Being depressed can make any task more difficult. Dealing with weight issues while suffering from depression can be especially hard.
Some people lose weight when they are depressed, often because they lose interest in food.
But many people gain weight when they are depressed.
Then the excess pounds can add to the depression.
Here are some reasons why:
-- Eating urges. Depressed people often report urges to eat compulsively, particularly sugary, starchy foods. Seeking comfort and distraction from painful feelings are common explanations for this.
-- Medication side effects. Some antidepressants have been associated with weight gain.
-- Sedentary behavior. Depressed people tend to be sedentary due to low energy and lack of interest in activities.
-- Low nutrition. A depressed person may eat poorly because of problems with appetite or feelings of hopelessness and poor self-esteem. For some, poor nutrition means weight loss. For others, it means binging on low-quality foods that add sugar, fat and calories, but not much else.
-- Poor self-image. Depressed people tend to view themselves critically. If a person doesn't feel good about himself, he is not likely to take good care of himself.
-- Other psychological problems. A depressed person may not realize she is using her weight as a shield against emotional issues she is afraid to face. Extra weight may be difficult, but not as painful to a depressed person as facing buried problems.
Losing weight and keeping it off requires a positive attitude and sensible approach. That's a tall order for somebody coping with depression, who will need extra help and compassion to shed the weight. Some tips:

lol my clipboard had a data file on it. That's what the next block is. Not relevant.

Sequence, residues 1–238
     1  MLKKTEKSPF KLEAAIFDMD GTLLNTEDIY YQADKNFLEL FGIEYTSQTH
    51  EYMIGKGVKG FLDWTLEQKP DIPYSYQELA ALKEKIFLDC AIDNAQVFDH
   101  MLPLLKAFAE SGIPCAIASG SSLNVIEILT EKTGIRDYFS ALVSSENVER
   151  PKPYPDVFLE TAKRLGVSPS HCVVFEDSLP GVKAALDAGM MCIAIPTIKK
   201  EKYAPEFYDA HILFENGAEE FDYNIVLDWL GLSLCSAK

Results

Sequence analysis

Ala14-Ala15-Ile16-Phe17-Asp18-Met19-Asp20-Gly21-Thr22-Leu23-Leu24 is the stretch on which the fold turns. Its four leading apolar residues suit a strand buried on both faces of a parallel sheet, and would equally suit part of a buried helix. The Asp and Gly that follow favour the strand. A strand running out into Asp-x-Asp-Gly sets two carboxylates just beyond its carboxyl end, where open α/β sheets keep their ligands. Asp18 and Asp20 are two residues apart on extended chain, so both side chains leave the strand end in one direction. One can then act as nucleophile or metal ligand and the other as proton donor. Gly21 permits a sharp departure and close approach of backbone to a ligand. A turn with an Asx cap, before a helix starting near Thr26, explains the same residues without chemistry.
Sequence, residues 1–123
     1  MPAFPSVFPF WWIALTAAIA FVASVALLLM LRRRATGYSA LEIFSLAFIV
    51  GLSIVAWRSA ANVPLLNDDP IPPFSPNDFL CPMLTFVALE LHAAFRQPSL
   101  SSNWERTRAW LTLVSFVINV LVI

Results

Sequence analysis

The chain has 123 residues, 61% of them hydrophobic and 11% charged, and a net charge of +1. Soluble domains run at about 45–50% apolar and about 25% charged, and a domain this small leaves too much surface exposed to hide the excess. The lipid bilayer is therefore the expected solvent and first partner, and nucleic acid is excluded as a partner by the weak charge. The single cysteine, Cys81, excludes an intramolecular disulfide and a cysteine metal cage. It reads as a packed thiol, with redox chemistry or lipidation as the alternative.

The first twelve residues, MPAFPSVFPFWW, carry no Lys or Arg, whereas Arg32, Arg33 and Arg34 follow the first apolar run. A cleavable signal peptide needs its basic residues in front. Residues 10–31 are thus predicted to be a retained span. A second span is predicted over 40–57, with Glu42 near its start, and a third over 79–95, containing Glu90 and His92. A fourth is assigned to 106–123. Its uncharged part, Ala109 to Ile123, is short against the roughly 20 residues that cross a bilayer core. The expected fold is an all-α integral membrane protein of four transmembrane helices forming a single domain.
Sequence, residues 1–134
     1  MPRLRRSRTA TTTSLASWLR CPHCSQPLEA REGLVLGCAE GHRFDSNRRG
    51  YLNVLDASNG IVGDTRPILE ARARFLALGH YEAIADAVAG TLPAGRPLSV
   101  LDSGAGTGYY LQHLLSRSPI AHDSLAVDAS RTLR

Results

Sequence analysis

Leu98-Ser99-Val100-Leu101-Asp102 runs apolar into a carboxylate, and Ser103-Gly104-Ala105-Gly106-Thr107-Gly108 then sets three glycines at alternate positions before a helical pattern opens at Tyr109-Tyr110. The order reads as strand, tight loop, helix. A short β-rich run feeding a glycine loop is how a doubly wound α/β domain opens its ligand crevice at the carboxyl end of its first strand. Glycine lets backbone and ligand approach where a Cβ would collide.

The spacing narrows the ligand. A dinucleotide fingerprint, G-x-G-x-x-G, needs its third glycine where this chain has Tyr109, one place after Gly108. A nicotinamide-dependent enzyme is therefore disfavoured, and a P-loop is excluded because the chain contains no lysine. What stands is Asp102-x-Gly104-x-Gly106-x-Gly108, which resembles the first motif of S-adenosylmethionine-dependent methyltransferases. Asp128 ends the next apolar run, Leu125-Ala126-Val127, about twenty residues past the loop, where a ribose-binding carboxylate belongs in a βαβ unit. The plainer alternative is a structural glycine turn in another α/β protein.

-- Get professional help for depression. Putting the priority on treating the depression will bring more success with managing weight in the long run.
-- Set smaller goals. Adjusting goals by making them smaller will make them more achievable. It's important to be happy with achieving smaller goals when going through a tough time.
-- Increase activity. Exercise helps to alleviate depression as well as minimize weight gain. But that knowledge may not be enough to get a depressed person moving. Using a positive and kind approach eliminates the pressure that criticism and high expectations create. It's better to take things slowly rather than quit out of frustration.
-- Eat more nutritiously. The body can be a friend during tough times if it's treated right. By focusing on high-quality, nutritious foods, the body will get what it needs to help fight both depression and overeating.
-- Set realistic expectations. If trying to lose weight feels overwhelming, just focus on not gaining. Being stressed about losing weight can actually create weight gain. Just maintaining while you're depressed is an impressive achievement.
-- Work on self-acceptance. If a person believes he is inadequate, it would be inconsistent for him to do things that show self-care, self-acceptance and self-love. Binging may be destructive, but it's also logical for a person who dislikes himself. That's why working on self-esteem can help with weight management. Remember that we are all fallible. It's human to make mistakes and go through tough times. We're all in this together.
Depression should always be taken seriously and obtaining professional help for the depression is the best first step.
Weight then becomes a secondary issue to be dealt with in a way that won't produce undue stress.
Fortunately, many lifestyle changes that help with weight also help with depression, particularly eating nutritiously and exercising. The key is seeing these steps as a means to helping yourself, rather than focusing solely on weight.
(Lavinia Rodriguez is a Tampa, Fla., clinical psychologist who specializes in weight management. She can be reached through her website, fatmatters.com.)
(Distributed by Scripps Howard News Service, http://www.scrippsnews.com)